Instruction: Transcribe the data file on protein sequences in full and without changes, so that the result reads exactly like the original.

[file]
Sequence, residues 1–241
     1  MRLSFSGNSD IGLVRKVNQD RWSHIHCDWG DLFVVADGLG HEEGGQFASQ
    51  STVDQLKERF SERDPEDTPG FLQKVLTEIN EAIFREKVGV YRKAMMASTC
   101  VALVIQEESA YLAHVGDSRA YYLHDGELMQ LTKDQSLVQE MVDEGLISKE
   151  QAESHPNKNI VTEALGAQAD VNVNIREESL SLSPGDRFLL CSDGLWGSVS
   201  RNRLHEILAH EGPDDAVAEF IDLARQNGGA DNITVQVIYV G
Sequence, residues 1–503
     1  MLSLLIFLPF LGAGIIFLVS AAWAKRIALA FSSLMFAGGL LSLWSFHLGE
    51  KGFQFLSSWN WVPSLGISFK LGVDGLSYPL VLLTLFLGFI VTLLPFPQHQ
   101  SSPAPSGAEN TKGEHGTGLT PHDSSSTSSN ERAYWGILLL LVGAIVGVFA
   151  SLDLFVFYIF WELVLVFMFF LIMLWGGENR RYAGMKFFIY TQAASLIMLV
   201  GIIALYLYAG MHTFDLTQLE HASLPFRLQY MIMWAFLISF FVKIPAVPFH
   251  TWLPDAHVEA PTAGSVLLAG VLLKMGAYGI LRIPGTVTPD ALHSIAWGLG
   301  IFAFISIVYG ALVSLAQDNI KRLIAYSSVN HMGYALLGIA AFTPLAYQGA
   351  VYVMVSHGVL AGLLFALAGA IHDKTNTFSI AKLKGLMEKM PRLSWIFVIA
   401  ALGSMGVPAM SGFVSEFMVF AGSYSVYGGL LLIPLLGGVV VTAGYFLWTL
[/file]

Sequence, residues 1–241
     1  MRLSFSGNSD IGLVRKVNQD RWSHIHCDWG DLFVVADGLG HEEGGQFASQ
    51  STVDQLKERF SERDPEDTPG FLQKVLTEIN EAIFREKVGV YRKAMMASTC
   101  VALVIQEESA YLAHVGDSRA YYLHDGELMQ LTKDQSLVQE MVDEGLISKE
   151  QAESHPNKNI VTEALGAQAD VNVNIREESL SLSPGDRFLL CSDGLWGSVS
   201  RNRLHEILAH EGPDDAVAEF IDLARQNGGA DNITVQVIYV G
Sequence, residues 1–503
     1  MLSLLIFLPF LGAGIIFLVS AAWAKRIALA FSSLMFAGGL LSLWSFHLGE
    51  KGFQFLSSWN WVPSLGISFK LGVDGLSYPL VLLTLFLGFI VTLLPFPQHQ
   101  SSPAPSGAEN TKGEHGTGLT PHDSSSTSSN ERAYWGILLL LVGAIVGVFA
   151  SLDLFVFYIF WELVLVFMFF LIMLWGGENR RYAGMKFFIY TQAASLIMLV
   201  GIIALYLYAG MHTFDLTQLE HASLPFRLQY MIMWAFLISF FVKIPAVPFH
   251  TWLPDAHVEA PTAGSVLLAG VLLKMGAYGI LRIPGTVTPD ALHSIAWGLG
   301  IFAFISIVYG ALVSLAQDNI KRLIAYSSVN HMGYALLGIA AFTPLAYQGA
   351  VYVMVSHGVL AGLLFALAGA IHDKTNTFSI AKLKGLMEKM PRLSWIFVIA
   401  ALGSMGVPAM SGFVSEFMVF AGSYSVYGGL LLIPLLGGVV VTAGYFLWTL